The world's greatest detective is back in an all-new adventure! When thieves pull off a daring heist that threatens a quaint town in Montana, Virginia Holmes and her partner decide to work "pro bono," taking no pay unless they can solve the case in time to prevent economic ruin. What they find is an elaborately planned theft that baffles them at every turn. And at the center of the mystery is one crucial question ... how does thief steal MILLIONS OF HONEYBEES?!
What I think
Nice story, certainly not full of twists. The style still doesn’t convince me, too many repetitions and a superficial language. Although I learned a lot about bees, I don’t understand what these poor bees did to get stolen. Or rather, I understand the reason given but, bees? really…oh well. I don’t think I will continue with the series. However I have to say that I like Holmes, I feel like I’m reading Hetty from NCIS: Los Angeles when I read her parts.
In 1936, the Nazi are little more than loud, brutish bores to fifteen-year old Stephan Neuman, the son of a wealthy and influential Jewish family and budding playwright whose playground extends from Vienna’s streets to its intricate underground tunnels. Stephan’s best friend and companion is the brilliant Žofie-Helene, a Christian girl whose mother edits a progressive, anti-Nazi newspaper. But the two adolescents’ carefree innocence is shattered when the Nazis’ take control.
There is hope in the darkness, though. Truus Wijsmuller, a member of the Dutch resistance, risks her life smuggling Jewish children out of Nazi Germany to the nations that will take them. It is a mission that becomes even more dangerous after the Anschluss—Hitler’s annexation of Austria—as, across Europe, countries close their borders to the growing number of refugees desperate to escape.
Tante Truus, as she is known, is determined to save as many children as she can. After Britain passes a measure to take in at-risk child refugees from the German Reich, she dares to approach Adolf Eichmann, the man who would later help devise the “Final Solution to the Jewish Question,” in a race against time to bring children like Stephan, his young brother Walter, and Žofie-Helene on a perilous journey to an uncertain future abroad.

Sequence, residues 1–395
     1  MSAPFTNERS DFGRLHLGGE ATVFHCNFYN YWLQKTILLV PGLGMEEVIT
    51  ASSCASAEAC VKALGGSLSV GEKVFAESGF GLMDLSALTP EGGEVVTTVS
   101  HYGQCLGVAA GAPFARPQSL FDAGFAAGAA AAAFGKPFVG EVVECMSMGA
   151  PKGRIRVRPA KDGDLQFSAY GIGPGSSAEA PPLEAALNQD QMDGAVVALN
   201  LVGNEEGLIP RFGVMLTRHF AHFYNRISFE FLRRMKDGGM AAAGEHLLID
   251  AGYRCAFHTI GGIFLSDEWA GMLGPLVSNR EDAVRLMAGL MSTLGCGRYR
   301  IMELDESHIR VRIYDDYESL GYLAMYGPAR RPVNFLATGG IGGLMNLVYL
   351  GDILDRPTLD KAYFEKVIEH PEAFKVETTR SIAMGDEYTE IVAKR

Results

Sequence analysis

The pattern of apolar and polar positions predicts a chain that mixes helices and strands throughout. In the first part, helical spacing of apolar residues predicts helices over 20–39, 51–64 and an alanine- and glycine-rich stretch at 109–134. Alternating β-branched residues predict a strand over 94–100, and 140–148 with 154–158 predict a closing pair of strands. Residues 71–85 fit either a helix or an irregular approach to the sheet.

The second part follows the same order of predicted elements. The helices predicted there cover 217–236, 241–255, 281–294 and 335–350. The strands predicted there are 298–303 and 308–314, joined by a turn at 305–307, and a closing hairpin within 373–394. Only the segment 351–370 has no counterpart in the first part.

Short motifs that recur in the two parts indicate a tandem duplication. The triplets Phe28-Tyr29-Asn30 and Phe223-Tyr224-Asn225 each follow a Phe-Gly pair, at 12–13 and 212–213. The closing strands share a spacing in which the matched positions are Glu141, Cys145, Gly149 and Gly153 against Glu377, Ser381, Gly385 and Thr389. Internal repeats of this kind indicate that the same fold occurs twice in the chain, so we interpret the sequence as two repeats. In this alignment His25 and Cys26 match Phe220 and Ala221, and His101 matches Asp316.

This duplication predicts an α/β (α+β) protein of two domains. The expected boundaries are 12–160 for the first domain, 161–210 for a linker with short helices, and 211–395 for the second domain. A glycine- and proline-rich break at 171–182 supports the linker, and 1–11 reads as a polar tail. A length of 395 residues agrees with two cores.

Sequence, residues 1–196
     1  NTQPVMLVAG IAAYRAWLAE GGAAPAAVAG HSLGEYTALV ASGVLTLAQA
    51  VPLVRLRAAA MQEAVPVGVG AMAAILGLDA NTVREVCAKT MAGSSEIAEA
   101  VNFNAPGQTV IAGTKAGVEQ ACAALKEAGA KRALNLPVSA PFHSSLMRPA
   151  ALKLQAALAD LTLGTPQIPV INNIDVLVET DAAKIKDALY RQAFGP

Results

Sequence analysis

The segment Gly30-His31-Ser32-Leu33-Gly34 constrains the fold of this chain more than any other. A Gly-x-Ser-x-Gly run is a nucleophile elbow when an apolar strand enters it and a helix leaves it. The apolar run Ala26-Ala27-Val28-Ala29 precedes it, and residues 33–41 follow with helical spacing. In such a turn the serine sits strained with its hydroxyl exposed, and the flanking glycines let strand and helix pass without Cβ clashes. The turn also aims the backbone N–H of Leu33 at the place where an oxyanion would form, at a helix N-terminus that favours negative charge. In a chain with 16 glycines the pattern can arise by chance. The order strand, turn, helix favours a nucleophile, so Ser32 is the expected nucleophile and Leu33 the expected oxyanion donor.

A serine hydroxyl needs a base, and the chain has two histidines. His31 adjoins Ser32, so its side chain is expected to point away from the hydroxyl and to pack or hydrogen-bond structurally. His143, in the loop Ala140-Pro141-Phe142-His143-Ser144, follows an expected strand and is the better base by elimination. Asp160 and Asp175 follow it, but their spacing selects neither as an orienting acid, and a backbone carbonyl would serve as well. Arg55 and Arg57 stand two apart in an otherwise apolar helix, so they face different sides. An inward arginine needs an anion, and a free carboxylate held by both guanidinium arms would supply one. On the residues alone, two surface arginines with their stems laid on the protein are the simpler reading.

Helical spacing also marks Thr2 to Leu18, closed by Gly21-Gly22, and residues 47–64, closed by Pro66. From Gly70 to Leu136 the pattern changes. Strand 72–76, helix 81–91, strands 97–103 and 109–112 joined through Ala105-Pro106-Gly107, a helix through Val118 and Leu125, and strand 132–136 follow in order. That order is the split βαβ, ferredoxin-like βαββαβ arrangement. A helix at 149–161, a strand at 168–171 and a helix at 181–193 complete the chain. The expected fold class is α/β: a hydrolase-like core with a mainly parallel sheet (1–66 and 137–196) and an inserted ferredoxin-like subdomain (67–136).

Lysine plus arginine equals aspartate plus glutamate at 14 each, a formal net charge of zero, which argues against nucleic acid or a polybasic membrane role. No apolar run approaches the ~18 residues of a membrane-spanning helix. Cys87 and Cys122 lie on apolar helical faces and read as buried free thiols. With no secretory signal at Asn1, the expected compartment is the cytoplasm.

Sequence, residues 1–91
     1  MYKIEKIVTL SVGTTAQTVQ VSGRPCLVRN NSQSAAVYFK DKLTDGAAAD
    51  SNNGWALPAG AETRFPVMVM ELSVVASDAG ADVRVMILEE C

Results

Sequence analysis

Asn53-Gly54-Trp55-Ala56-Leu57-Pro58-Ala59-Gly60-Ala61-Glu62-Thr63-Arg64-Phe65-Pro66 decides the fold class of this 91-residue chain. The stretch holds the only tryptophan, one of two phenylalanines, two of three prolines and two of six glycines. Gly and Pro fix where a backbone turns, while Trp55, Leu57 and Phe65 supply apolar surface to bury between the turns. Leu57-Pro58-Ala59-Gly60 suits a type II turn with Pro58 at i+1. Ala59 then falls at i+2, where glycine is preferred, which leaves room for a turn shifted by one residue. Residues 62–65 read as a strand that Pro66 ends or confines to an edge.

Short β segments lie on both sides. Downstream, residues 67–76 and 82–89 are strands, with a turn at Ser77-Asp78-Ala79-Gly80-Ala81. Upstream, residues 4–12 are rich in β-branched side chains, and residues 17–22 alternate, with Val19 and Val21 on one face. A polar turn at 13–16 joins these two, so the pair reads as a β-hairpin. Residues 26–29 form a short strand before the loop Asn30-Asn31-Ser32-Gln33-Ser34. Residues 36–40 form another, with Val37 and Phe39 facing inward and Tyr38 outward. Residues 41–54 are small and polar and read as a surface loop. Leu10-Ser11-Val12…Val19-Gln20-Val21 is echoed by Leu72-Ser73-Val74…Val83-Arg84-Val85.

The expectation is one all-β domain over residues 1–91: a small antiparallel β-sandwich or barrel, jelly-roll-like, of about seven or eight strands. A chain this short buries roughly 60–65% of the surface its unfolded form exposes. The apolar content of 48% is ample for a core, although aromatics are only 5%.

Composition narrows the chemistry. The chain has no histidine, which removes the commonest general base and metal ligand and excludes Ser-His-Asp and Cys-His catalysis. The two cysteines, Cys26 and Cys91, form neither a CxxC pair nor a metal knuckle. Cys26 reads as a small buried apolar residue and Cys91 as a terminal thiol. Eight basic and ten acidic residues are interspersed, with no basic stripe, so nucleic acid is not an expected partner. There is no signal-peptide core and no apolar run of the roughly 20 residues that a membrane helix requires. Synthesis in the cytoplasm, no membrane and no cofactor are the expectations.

About the book
The book is about a true story even if a little fictionalised, in the sense that the author, as she says in the final part, added her own, especially where it is not known exactly how the story went.
What I think
The book is very beautiful, the hope that you read is very heartfelt and knowing this part of the history made me happy. I knew the rough outlines of the help England gave to Jewish children, but I didn’t know the story that deep.
Inspector Pieter Van In is begrudgingly finishing up a healthy lunch when he hears the news: While restoring their farmhouse, the Vermasts have found a skeleton in the backyard. Van In, who happens to be married to the deputy public prosecutor, is determined to solve the case in double-quick time and squeeze in one last vacation before the birth of his first child.
But this murder is trickier than it looks, and Van In soon finds himself in murky waters. The Vermasts’ land belonged to the most prominent businessman in West Flanders before it was suddenly handed over to a right-wing charity. The heavily endowed foundation appears to have no expenditures or investments. So who’s financing it—and why?